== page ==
Brattleboro Food Co-Op

A welcoming community marketplace in southeastern Vermont
Written by: 
Jeanee Dudley
Produced by: 
Elizabeth Towne

In 1975, the Brattleboro Food Co-Op (BFC) started out as a small buying club in a dirt basement. A group of people in the small Vermont town got together to increase buying power and bring in fresh foods that were unavailable in local markets. The business grew rapidly and only a few years later, BFC had moved from the basement to a nearby storefront. The cooperative has moved several times over the years to accommodate growth.

Nearly 40 years later, the business has grown to a large food cooperative with 6,600 active shareholders in Brattleboro, Vt., and the surrounding towns. Alex Gyori, the BFC’s general manager, answers to the board of directors and oversees a staff of 160 people. Gyori moved to Vermont in 1981 and began working with the cooperative in 1982. He and his team strive to offer members and customers a wide range of natural, healthy foods, often sourced locally.

Brattleboro Food Co-Op

Shareholder benefits

BFC is open to the general public, though shareholder investments provide funding for growth. The cooperative asks members for an investment of $80, which pays for a single share of business while putting money into the organization for reinvestment. The organization also offers family shares for a $160 investment. These fees can be made in a lump sum or spread out over a few months. Shareholders benefit down the line from patronage dividends and store discounts, as well as other benefits.

Shareholders can vote in cooperative elections, run for positions on the board of directors and serve on advisory committees. Other benefits include check-cashing privileges, a free subscription to the cooperative’s monthly newsletter and discounts on cooking classes and other events. Shareholders may use the cooperative’s community room for events and meetings and are also invited to an annual meeting and dinner that is otherwise not open to the public. Member involvement helps to shape the future of the business and offers customers a voice in the operation.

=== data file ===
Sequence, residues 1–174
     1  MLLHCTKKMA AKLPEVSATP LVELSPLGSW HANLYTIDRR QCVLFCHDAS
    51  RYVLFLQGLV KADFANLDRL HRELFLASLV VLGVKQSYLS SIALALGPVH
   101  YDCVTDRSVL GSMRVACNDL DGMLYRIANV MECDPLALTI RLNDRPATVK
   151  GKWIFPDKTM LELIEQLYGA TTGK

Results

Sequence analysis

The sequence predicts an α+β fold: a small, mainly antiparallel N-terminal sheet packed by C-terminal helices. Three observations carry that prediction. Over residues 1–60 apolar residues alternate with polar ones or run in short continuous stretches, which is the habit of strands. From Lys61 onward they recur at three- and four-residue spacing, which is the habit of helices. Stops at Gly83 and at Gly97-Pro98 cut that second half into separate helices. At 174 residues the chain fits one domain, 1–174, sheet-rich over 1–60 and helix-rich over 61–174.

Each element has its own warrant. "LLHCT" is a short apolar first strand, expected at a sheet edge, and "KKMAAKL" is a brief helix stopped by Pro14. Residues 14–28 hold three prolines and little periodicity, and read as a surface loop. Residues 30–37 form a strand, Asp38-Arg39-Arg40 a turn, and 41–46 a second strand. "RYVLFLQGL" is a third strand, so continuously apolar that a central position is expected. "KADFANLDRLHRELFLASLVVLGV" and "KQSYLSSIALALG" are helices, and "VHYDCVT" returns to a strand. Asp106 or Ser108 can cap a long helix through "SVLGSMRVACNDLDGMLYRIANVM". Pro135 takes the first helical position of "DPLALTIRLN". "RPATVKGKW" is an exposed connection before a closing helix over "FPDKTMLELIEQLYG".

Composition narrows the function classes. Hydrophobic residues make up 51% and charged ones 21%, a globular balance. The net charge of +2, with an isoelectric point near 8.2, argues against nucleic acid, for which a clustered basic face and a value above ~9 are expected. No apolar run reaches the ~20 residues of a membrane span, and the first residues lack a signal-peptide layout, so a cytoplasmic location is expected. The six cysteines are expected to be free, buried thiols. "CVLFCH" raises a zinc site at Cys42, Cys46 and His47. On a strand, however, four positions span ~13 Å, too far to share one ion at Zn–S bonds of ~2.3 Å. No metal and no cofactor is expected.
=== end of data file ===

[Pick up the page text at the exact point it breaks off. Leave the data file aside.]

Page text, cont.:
The store

In 2012 BFC’s rapid expansion required a new space. Therefore, Gyori and his team moved into a new 32,000-square-foot, environmentally-conscious building. The new state-of-the-art facility has 14,500 square feet of retail space, as well as a full commissary kitchen.

“Guided by what we call our 100-year vision, we decided on quite an expensive, state-of-the-art building,” says Gyori. “We harvest power through solar panels on the roof and we have triple-glazed windows to control our heating and cooling costs. We recycle the refrigerator heat into hot water and that helps us heat our building in the winter. The store is in a four-story building and we have partnered with a housing trust, so there are two floors of affordable housing upstairs.”

The new store has been a game-changer for BFC, although recent growth has come with its own set of distinct challenges. Shareholders have been working toward formulating policies that are better adapted to a larger organization. A larger store also means dealing with new suppliers to fill shelves. Gyori and his team are working to foster new relationships throughout the country while managing reasonable pricing to serve customers and members.

Community focus

Still, the benefits outweigh the struggles. The new store has marked a turning point in the cooperative’s history. “We made a conscious decision as an organization with limited clientele to broaden our scope in the community,” Gyori explains. “We have been able to exponentially expand the market for our farmers and customers.”

To help ease the growing pains, BFC is associated with several organizations that offer support and opportunities for food cooperatives. “We work with the National Co-op Grocers, the Neighboring Food Co-op Association, which we helped found, the Cooperative Development Foundation and the National Cooperative Business Association. We are also involved with the Howard Bowers Fund, which provides educational funding for cooperatives.”

With strong support, Gyori says the business is on the upswing. The cooperative has a lot of room to grow in the new facility. Over time, the crew plans to fill the space with additional tasty, natural food and community programs. Gyori and his crew plan to continue to promote the business while maintaining a focus on the local community. The team supports local growers and families, but also performs charitable acts on a regular basis. BFC has a continuing food donation program for the local food bank and contributes to local and national causes, donating food, time and funds to those in need. Brattleboro Food Co-Op is a true community figure in Brattleboro and will continue to focus on service in the years to come.

Strategic Partnership(s): 
Downs Rachlin Martin